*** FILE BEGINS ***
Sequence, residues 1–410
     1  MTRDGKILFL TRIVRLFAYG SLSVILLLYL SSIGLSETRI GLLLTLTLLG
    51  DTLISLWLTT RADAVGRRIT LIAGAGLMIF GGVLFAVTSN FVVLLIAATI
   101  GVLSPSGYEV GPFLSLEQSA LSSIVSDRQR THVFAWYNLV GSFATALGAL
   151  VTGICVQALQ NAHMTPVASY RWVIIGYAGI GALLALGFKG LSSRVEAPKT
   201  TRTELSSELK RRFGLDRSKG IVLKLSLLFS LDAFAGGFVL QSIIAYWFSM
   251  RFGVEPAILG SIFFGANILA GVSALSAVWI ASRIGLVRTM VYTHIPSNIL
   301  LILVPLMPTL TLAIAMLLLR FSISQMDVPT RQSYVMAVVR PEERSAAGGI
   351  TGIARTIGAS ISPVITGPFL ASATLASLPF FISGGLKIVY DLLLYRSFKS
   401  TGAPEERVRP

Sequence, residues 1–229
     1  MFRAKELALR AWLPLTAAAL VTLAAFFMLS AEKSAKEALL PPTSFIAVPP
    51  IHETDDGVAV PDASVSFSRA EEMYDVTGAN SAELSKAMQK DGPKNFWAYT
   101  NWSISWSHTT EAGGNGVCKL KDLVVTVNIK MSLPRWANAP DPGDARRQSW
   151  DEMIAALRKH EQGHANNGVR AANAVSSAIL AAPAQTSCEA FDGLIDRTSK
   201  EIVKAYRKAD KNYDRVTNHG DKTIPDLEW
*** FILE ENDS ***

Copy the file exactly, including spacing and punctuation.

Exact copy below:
Sequence, residues 1–410
     1  MTRDGKILFL TRIVRLFAYG SLSVILLLYL SSIGLSETRI GLLLTLTLLG
    51  DTLISLWLTT RADAVGRRIT LIAGAGLMIF GGVLFAVTSN FVVLLIAATI
   101  GVLSPSGYEV GPFLSLEQSA LSSIVSDRQR THVFAWYNLV GSFATALGAL
   151  VTGICVQALQ NAHMTPVASY RWVIIGYAGI GALLALGFKG LSSRVEAPKT
   201  TRTELSSELK RRFGLDRSKG IVLKLSLLFS LDAFAGGFVL QSIIAYWFSM
   251  RFGVEPAILG SIFFGANILA GVSALSAVWI ASRIGLVRTM VYTHIPSNIL
   301  LILVPLMPTL TLAIAMLLLR FSISQMDVPT RQSYVMAVVR PEERSAAGGI
   351  TGIARTIGAS ISPVITGPFL ASATLASLPF FISGGLKIVY DLLLYRSFKS
   401  TGAPEERVRP

Sequence, residues 1–229
     1  MFRAKELALR AWLPLTAAAL VTLAAFFMLS AEKSAKEALL PPTSFIAVPP
    51  IHETDDGVAV PDASVSFSRA EEMYDVTGAN SAELSKAMQK DGPKNFWAYT
   101  NWSISWSHTT EAGGNGVCKL KDLVVTVNIK MSLPRWANAP DPGDARRQSW
   151  DEMIAALRKH EQGHANNGVR AANAVSSAIL AAPAQTSCEA FDGLIDRTSK
   201  EIVKAYRKAD KNYDRVTNHG DKTIPDLEW